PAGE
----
sesame seeds

Substitutes for Sesame Seeds – What Can I Use Instead?

Sesame seeds are a food that has been exploited by humans since as far back as 3000 B.C., and for good reason. The range of uses for sesame is seemingly endless. It can be used as a topping for breads and bagels, it can be pressed in order to manufacture oil, and they are even sprinkled atop of sushi and used in the manufacture of desserts!

They come in a broad range of different types; there’s black, brown, red, and white, which can all be packaged in either hulled or un-hulled form. However, generally speaking, of these varieties, most recipes tend to make use of the white, hulled sesame seed. Thankfully, these are also the type that you are most likely to come across in your local store. In fact, they seem to be available pretty much everywhere by now.

How do I toast sesame seeds at home?

Sesame seeds can be toasted on either the stovetop or in the oven. For the oven, simply preheat to 180 Celsius, then spread a thin layer of sesame seeds on some parchment paper. Within a few minutes you will begin to notice that they are developing a nice golden brown colour. Take them out and wait until they have cooled to sprinkle them over your salad.

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On the stovetop: heat a clean, dry pan to medium heat. Add a thin layer of seeds and keep them moving with a wooden utensil until they are evenly toasted throughout.

Can I be allergic to sesame seeds?

Sesame seed allergies are more common than you may think, and the symptoms can be quite severe. These range from hives, rashes, to difficulty breathing. Estimates suggest that up to 300,000 Americans may be allergic to sesame.

4 Sesame Seeds Substitutes

Because of the fact that the white sesame seed is the most commonly used, our list below will focus on what to do if you happen to find yourself short of that specific ingredient. Though it may seem like a small and insignificant part of a dish, leaving it out entirely can have a drastic effect on your recipe.

In a drastic example, you won’t be able to make tahini without sesame seeds. What you are more likely to find a solution for here is for the absence of sesame seeds in a stir-fry or as a garnish where they provide a nice crunch and a distinct nutty flavour. There are plenty of reasons you might need to substitute for sesame seeds. These range from simply not having them to hand, to having an allergy to them. In either of these events, our list of substitutes below has you covered!


1. Hemp Seeds

hemp seeds

Hemp seeds, though still not available everywhere, have seen a massive increase in popularity in recent years. There is a simple reason for this: they are absolutely jam-packed full of delicious, nutty flavour. As a result, they have a tendency to simply disappear if left unattended for too long. They are practically addictive. Though they come from the same plant as marijuana, they do not contain any THC, so there is zero chance of intoxication from consuming these.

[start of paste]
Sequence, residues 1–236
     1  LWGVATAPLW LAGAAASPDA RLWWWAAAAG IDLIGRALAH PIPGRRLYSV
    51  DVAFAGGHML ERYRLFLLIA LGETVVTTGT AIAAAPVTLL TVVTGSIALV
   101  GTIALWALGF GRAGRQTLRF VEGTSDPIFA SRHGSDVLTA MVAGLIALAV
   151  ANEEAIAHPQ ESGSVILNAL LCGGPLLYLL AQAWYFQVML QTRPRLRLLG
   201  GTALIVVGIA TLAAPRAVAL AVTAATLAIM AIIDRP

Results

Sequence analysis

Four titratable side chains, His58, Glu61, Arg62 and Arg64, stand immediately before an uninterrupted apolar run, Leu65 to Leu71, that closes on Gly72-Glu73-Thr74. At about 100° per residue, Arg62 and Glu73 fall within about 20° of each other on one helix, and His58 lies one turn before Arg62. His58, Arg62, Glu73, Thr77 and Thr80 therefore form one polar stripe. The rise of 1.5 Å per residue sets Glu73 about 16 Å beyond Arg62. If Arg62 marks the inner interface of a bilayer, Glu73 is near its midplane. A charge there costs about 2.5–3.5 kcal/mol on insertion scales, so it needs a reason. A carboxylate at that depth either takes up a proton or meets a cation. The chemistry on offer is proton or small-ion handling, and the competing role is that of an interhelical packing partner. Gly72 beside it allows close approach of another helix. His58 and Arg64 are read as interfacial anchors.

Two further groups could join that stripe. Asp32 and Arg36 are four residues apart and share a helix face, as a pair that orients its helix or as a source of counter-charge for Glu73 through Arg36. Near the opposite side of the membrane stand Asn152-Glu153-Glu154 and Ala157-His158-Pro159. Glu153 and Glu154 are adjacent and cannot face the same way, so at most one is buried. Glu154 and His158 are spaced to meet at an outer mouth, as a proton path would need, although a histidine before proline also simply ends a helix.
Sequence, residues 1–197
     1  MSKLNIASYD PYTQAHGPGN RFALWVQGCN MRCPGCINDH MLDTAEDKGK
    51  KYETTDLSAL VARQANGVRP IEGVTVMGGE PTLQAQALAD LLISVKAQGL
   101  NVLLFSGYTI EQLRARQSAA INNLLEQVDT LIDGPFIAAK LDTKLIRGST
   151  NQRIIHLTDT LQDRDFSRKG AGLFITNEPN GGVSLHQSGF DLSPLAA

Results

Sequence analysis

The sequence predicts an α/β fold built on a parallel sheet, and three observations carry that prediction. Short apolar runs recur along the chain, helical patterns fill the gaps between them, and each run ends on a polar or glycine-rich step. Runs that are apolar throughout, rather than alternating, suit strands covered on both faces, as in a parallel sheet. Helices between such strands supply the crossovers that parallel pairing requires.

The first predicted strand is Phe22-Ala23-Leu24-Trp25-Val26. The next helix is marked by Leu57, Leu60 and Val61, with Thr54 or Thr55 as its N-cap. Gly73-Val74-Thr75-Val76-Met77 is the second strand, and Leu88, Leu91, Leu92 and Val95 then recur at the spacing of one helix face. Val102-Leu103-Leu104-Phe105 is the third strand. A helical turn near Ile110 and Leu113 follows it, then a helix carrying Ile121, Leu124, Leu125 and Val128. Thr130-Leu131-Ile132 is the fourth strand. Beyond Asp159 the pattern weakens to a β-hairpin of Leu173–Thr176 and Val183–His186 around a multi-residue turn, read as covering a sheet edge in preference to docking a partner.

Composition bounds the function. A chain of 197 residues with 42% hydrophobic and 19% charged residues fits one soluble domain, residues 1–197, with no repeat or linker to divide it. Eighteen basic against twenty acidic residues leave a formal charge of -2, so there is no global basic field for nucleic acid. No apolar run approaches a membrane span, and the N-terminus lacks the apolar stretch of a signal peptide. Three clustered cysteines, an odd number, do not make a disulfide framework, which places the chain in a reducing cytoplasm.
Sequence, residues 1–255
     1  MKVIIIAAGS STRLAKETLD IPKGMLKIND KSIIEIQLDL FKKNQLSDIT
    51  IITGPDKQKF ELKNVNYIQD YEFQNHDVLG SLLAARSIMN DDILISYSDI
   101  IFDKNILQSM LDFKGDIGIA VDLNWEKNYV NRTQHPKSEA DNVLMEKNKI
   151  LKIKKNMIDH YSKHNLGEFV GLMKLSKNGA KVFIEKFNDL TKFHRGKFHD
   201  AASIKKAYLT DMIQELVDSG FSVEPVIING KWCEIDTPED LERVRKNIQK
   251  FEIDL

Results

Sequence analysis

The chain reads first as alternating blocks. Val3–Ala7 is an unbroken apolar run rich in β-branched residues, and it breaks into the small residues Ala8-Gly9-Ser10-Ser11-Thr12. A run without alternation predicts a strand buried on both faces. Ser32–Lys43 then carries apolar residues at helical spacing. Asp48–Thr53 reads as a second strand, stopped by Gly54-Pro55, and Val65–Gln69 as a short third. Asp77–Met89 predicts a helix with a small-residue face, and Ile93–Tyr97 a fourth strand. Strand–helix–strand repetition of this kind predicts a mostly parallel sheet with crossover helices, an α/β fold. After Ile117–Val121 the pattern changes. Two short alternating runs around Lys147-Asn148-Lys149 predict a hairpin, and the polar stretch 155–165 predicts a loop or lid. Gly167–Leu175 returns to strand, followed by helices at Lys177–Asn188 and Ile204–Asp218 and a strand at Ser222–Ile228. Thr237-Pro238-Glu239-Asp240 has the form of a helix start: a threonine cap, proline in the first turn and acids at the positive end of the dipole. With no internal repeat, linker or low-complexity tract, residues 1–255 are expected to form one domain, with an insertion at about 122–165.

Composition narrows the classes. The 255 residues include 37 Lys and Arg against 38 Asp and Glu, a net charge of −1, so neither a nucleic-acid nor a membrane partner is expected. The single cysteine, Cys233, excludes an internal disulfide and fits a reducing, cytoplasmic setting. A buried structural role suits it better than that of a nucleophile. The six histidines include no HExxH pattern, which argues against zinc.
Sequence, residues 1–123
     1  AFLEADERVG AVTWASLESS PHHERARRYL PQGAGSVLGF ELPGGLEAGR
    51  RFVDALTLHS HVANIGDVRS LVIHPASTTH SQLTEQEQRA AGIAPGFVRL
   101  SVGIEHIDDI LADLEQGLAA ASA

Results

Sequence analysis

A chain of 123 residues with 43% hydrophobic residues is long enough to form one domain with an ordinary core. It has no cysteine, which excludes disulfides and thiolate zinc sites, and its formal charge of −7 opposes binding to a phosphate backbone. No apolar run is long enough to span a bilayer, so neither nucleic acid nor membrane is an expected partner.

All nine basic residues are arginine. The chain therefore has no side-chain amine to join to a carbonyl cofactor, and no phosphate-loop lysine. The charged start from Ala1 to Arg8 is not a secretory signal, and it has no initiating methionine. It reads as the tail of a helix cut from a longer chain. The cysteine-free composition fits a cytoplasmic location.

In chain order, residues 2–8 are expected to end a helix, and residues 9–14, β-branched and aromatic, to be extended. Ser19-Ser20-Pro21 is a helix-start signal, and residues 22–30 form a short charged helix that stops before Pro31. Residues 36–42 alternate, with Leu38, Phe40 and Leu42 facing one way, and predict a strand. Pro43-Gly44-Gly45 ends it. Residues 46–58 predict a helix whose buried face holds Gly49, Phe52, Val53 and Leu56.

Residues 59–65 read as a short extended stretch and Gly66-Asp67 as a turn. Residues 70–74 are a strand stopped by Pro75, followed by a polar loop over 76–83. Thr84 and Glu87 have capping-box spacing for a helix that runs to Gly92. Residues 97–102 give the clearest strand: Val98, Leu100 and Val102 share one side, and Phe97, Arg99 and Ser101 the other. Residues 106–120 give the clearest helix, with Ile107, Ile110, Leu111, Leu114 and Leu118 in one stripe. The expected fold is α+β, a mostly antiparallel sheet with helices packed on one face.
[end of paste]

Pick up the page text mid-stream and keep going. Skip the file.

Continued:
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In terms of their value as a substitute for sesame seeds, these seeds can do almost anything that sesame can do. In fact many people prefer using these seeds in their garnishes and European and Middle Eastern dishes. That being said, they simply will not substitute well with sushi as they neither look nor taste right in this context. Where their main strength lies is as a garnish or in baked goods.


2. Poppy Seeds

poppy seeds

When it comes to the crunch, few substitutes have what it takes to compete with sesame seeds. That is not the case here, as, if anything, poppy seeds deliver more crunchiness. They also have the benefit of naturally looking very similar to black sesame seeds so fill in quite well as a garnish.

Where these seeds begin to differ from sesame seeds is in terms of flavour. They just don’t have the same umami-laced nuttiness that is so present in sesame, and so won’t make a great substitute in case where sesame seeds form an integral part of the recipe.

3. Black Sesame Seeds

black sesame

Black sesame seeds are undoubtedly the best substitute for white sesame seeds out there. Unfortunately though, they simply aren’t as commonly found as their white counterparts. They possess the same umami-rich flavour profile and a very similar texture. Because of this, they can be substituted relatively easily at a 1:1 ratio if you happen to have them.

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In every case then, providing that your black sesame seeds are hulled, they should fill in perfectly for savoury and sweet dishes alike. However, it is also worth noting that black sesame seeds do have a slightly stronger taste. This is not necessarily a bad thing if you are already quite keen on the flavour. There are several good examples of black sesame seeds out there.


4. Sunflower Seeds

sunflower seeds

Sunflower seeds come in in last position in this list of substitutes for sesame seeds. This is not because they should only be used in a case where there are no other available options though. They actually are one of the stronger candidates in some cases, but… they simply just don’t really look like sesame seeds, do they? They are large and flat, whereas sesame is significantly smaller and oval.

However, in their unsalted form, they do possess very similar umami and nutty tones. Because of this, they do make a reasonable substitute for sesame in baking and as a garnish, but they won’t quite do the job in rice dishes or in sushi.


We hope that you found this guide to substituting for sesame seeds to be an invaluable and informative source as you embarked on your quest for an alternative option. As you can see, there are several decent substitutes out there – one or more of which may already be lurking in your kitchen as you read this!

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